I haven’t taken a survey on this, but I feel pretty confident that the secret shame of photo archivists is that drawer full of unidentified images — the “orphans,” in archive speak. Photos that stubbornly refuse to reveal any hint of who might be in them, where they may have been taken and, most important, for whom they held significance.
One 8-by-10 glossy stood out like a gleaming sore thumb among the “orphans.” The unidentified women depicted in it almost begged to remain anonymous despite their perky expressions, the halo lighting just above their heads, and their twin outfits and matching wavy hairdos.
Found in the middle of a drawer full of cantor’s headshots, photos of Israeli folk singers of the early 1950s and or Yiddish theater stars, the photo from the Forward’s archives seemed to show one of a generation of sister singers. Were they perhaps the Barry, Feder or Pincus Sisters? Or maybe that breakaway pair from the Malavsky Family Choir — Goldele and Gittele — who became known as the Marlin Sisters?
In a first effort to unlock their identity, we reached out to expert Krysia Fisher, curator of photographs at the epicenter of Yiddish imagery, the YIVO Institute for Jewish Research. She was confident that the subjects were gentile. Perhaps they, too, in the style of Connie Francis or Julie Andrews, tried to reach the Jewish market by singing in Yiddish?
Fisher’s bold response reminded us that sister vocal groups were likely not invented by the Yiddish-singing Barry Sisters, a belief that seems hard for some to accept. More colleagues were consulted. Their guesses leaned toward the garden variety Yiddish sister singers.
In hopes of finding the answer, we turned to you, dear readers. The photo appeared in the Aug. 16 issue of the Forward’s Forward Looking Back column, which went up online August 10. Then we took to our Facebook page to ask for help.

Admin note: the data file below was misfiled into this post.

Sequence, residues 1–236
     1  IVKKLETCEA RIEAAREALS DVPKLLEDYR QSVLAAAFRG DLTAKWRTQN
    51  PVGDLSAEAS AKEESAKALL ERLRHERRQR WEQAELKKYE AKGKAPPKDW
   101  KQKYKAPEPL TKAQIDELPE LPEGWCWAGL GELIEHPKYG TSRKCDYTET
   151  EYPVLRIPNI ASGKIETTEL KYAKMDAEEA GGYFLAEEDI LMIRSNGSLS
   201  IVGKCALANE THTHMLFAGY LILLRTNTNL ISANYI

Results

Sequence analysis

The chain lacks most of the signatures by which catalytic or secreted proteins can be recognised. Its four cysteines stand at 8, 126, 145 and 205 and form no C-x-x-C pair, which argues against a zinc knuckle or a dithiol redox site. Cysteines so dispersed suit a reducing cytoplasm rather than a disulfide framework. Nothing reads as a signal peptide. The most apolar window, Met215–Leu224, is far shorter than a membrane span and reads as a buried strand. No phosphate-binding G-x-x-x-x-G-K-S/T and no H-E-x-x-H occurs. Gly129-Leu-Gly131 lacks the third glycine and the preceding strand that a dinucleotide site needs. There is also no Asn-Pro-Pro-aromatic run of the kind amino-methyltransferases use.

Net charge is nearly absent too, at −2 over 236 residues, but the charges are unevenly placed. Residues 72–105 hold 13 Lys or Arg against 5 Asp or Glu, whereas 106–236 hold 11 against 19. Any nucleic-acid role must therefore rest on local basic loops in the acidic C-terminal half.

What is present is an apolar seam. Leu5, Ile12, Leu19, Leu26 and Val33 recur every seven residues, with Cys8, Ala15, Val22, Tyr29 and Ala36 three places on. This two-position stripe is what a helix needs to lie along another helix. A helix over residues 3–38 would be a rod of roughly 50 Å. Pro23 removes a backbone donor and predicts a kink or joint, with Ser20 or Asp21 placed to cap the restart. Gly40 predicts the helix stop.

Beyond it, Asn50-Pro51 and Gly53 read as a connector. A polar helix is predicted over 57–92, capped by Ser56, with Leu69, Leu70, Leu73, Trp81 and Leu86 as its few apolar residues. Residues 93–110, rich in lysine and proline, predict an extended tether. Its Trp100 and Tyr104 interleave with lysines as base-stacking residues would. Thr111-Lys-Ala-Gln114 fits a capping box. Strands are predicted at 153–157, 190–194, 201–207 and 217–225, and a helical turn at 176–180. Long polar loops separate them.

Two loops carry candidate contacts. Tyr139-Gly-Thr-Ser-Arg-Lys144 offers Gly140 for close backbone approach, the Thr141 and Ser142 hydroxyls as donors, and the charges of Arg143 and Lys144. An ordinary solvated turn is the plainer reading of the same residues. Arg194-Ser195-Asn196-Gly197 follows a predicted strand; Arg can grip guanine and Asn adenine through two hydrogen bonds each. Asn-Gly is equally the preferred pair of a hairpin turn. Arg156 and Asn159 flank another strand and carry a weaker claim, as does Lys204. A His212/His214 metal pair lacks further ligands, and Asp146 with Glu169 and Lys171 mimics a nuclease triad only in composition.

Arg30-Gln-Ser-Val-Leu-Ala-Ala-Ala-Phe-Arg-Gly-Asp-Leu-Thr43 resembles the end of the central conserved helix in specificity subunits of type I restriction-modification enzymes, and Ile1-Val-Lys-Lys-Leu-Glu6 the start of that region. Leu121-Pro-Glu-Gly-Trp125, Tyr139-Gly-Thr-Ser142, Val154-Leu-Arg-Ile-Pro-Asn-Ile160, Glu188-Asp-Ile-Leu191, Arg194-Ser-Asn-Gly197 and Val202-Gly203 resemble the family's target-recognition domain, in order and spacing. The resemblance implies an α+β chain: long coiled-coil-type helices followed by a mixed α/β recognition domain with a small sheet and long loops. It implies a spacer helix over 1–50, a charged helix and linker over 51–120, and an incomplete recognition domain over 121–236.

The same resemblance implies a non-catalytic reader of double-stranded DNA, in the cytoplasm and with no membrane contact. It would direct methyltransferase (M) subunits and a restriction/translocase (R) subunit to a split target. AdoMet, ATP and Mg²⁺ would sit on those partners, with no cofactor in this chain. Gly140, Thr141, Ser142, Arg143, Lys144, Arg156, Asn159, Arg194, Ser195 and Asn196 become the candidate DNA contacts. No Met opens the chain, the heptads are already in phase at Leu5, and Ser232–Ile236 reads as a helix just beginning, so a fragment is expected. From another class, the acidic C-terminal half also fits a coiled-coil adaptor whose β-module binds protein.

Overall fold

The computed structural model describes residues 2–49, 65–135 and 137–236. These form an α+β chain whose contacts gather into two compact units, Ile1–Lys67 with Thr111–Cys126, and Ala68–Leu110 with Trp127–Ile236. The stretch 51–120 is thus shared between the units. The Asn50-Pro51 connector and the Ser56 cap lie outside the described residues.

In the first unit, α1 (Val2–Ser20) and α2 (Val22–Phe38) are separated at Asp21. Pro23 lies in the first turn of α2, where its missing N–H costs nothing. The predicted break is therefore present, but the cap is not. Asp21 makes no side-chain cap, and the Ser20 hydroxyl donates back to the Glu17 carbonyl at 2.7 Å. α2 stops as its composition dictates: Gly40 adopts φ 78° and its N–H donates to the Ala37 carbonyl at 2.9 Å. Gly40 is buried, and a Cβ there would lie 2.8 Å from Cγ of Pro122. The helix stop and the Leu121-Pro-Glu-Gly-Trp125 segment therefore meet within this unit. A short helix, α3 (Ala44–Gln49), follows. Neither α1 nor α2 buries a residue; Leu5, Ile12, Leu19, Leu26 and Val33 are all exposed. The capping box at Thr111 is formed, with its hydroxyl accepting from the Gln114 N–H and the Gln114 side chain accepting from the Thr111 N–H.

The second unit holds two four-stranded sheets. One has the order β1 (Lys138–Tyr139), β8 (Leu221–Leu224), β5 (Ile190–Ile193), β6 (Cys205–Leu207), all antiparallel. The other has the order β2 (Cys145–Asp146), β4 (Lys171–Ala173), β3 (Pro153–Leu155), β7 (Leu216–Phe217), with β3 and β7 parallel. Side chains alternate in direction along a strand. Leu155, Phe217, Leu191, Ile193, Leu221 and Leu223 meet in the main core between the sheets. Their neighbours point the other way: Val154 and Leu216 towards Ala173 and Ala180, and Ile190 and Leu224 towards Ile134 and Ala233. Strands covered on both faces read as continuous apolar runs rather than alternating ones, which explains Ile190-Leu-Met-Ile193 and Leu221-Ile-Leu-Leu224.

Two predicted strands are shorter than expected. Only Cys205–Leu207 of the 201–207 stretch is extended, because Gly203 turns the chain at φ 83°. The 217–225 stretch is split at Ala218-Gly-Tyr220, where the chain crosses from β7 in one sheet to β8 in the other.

Forward readers offered supportive guesses — including the Pincus Sisters and the Miller Sisters.
Patricia and Joan Miller, who may have inherited their famously non-Jewish features from their dairy salesman father, Elmon Gordon ‘Bud’ Miller, appeared to be the best bet. Popular enough to sing on television’s “The Hoffman Hayride” in the 1950s, they certainly have a close resemblance to the image in our archive. It is tempting to declare the case closed and remove the stigma of the orphaned image.
But truth be told, it’s too close to call. And what about imprinting a mistaken identity and ending up with a case of the dybbuk of mixed-up-souls? The question may be more than purely theoretical.
The Miller twins became reclusive in later years and lived together in the resort town of South Lake Tahoe, Calif. In March 2012, the twins were found dead in different rooms in their shared home.
A coroner determined that they died of natural causes, but the case remains puzzling, since it’s unclear if they died within a very short time of each other. Detective Matt Harwood told Britain’s Daily Mail that he believed the two sisters, long each other’s only companion, could not live without each other.
“My perception is, one died and the other couldn’t handle it,” said the detective, who has been unable to identify any close friends or family members to inform of the sisters’ deaths. ”It appears purely natural, but we are still trying to piece it all together.”
Getting back to our mystery photo, it’s like the Yiddish saying: “Az ikh vel zayn vi yener, ver vet zayn vi ikh?” It roughly translates to: ”If I am to be like someone else, who will be like me?” The unidentified pair in the photo could be the Millers, but it might not be them.
One day soon, the right answer might rise up from the Internet. Maybe someone will start a website for long-lost sister singing groups.
Chana Pollack is the Forward’s archivist. Contact her at email@example.com